Before we spoke, he said he never paid much attention to the use of the symbol. He then remembered he’d worked on a couple campaigns that used it, including director Lindsay Anderson’s 1973 dramedy, O Lucky Man!, which stars Malcolm McDowell. Kaplan participated in a documentary about Anderson in which McDowell tells the story that the film was originally meant to be called Lucky Man, but that Anderson changed the title after reading the treatment because, Kaplan says, “that’s signifying it’s more important, and that a title like ‘Lucky Man‘ could mean… you’re lucky for different things. But O Lucky Man! gives it a universality and importance, almost a philosophical statement.” Kaplan says he remembers the exclamation point coming in around when he did the film’s first title treatment. Anderson, whom he recalls had distinct handwriting and always wrote with red Pentel pens, responded back by noting a red exclamation point next to the title. Kaplan says it was “just the icing on the cake.”

Poster for O Lucky Man!

(Photo by Warner Bros. Pictures)

As with O Lucky Man!, the exclamation point in Airplane! does a lot of the heavy lifting from a marketing standpoint. The symbol is almost shouting to the audience that the film doesn’t take itself too seriously and that some zany hijinks are in store.

But this wasn’t always the case. The exclamation point used to be revered, and it was only used to signify grandeur and grab your attention. You see it in the 1960s musicals Hello, Dolly! and Oliver!.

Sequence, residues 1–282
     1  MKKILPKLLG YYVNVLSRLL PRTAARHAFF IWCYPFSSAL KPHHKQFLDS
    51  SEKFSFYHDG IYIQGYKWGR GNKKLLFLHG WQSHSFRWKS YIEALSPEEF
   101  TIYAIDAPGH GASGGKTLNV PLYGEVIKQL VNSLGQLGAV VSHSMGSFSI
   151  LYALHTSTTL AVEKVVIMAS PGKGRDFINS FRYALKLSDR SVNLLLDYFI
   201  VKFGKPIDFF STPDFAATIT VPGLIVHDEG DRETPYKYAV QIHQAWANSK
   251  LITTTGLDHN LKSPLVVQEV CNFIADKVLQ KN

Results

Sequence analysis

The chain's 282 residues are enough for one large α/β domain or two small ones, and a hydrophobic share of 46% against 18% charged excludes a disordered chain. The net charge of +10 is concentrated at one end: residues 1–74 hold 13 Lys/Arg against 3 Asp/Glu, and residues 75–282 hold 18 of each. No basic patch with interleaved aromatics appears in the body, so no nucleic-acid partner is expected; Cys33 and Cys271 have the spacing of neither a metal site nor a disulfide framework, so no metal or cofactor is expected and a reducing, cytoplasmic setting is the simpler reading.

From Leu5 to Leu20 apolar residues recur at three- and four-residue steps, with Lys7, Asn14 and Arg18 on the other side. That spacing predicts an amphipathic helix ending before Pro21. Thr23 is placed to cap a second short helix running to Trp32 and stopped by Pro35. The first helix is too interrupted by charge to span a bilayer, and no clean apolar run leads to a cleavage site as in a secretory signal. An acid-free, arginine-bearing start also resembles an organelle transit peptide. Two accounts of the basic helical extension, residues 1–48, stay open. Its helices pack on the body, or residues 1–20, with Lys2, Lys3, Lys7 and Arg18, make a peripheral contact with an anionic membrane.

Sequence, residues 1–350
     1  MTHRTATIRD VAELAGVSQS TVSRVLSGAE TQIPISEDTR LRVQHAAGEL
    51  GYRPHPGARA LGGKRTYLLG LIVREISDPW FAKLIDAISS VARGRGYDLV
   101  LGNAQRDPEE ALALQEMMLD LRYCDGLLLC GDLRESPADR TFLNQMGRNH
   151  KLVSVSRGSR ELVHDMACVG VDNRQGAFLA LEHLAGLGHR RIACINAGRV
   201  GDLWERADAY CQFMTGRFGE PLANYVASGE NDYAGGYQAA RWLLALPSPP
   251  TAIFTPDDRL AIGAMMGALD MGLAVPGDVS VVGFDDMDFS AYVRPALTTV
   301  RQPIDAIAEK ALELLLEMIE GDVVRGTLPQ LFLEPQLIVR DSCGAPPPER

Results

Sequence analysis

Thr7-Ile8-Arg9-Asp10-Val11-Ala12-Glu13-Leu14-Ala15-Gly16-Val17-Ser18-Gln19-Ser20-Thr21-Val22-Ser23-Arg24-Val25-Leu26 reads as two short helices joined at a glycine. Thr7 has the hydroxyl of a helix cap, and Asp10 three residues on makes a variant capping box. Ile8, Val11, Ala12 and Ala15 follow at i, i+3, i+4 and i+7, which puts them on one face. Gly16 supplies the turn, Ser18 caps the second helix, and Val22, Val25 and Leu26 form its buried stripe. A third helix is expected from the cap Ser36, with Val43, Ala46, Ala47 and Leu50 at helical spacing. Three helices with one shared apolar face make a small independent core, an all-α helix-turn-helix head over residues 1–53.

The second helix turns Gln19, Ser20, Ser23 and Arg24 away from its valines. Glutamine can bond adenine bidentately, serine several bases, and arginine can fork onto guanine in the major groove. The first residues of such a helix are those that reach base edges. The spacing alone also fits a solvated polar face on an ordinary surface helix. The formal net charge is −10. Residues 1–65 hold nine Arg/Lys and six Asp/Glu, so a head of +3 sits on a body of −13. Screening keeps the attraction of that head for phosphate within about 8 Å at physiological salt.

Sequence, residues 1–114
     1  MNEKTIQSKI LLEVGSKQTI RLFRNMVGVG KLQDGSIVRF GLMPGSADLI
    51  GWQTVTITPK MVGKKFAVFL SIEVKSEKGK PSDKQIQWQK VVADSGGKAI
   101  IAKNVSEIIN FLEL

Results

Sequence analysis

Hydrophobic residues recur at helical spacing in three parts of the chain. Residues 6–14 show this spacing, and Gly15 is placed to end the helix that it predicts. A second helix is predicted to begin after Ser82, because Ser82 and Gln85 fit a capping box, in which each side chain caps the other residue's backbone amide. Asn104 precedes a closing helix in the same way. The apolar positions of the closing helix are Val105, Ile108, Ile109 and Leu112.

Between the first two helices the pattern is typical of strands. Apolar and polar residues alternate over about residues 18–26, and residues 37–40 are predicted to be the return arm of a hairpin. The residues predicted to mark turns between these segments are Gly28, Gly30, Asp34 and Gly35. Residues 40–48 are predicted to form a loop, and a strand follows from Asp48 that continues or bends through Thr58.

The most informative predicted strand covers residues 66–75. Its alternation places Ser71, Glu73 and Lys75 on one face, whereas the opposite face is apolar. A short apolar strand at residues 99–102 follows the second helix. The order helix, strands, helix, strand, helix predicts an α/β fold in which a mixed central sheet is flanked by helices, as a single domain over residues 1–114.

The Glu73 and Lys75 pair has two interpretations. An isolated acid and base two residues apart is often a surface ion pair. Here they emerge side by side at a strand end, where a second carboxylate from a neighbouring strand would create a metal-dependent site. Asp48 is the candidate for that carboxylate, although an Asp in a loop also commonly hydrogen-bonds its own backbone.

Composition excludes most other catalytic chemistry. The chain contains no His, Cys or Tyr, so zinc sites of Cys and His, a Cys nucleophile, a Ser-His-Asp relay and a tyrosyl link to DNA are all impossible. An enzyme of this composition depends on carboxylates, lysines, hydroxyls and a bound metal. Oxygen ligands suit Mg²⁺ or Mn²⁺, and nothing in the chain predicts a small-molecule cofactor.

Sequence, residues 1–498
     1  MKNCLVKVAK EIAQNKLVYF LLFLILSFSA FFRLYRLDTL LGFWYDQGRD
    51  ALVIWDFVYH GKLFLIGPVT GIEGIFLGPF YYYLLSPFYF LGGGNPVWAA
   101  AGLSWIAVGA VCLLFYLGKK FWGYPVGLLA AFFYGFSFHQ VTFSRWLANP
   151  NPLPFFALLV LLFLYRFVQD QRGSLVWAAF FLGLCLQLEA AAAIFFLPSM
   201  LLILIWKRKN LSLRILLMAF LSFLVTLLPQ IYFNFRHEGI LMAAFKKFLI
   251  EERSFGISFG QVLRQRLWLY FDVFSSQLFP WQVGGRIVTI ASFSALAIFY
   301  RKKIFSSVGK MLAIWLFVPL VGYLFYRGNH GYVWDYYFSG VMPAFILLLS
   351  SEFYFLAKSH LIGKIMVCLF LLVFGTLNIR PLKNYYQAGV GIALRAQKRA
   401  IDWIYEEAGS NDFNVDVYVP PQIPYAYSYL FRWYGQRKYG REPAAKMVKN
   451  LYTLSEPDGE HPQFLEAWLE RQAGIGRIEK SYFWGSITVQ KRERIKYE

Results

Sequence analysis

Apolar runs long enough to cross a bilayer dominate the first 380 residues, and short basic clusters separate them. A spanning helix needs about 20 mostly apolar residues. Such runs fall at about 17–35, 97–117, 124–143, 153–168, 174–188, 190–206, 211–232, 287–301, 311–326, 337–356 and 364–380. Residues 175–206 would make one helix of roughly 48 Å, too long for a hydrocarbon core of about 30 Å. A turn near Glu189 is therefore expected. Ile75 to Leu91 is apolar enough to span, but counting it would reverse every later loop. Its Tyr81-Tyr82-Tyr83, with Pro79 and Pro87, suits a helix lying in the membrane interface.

Robert Lee, a musical theatre writer who is on the faculty of the Graduate Musical Theatre Writing Program at NYU’s Tisch School of the Arts, says he doesn’t know for sure why either of those two musicals has an exclamation point in its title, although he points out that both are set in the 1800s and “trade in nostalgia.” He wonders if they’re there to channel “old-time theater handbills” from an era when literacy rates were lower and when the exclamation point was used as a sort of punctuational carnival barker on posters to grab your attention. He also adds that both are titles derived from the leads’ names and songs sung about them.

Both were also known for show-stopping numbers, and their trailers create the feeling that these are films the whole family cannot miss (even though the latter’s focus on starving London orphans isn’t exactly a happy-go-lucky topic).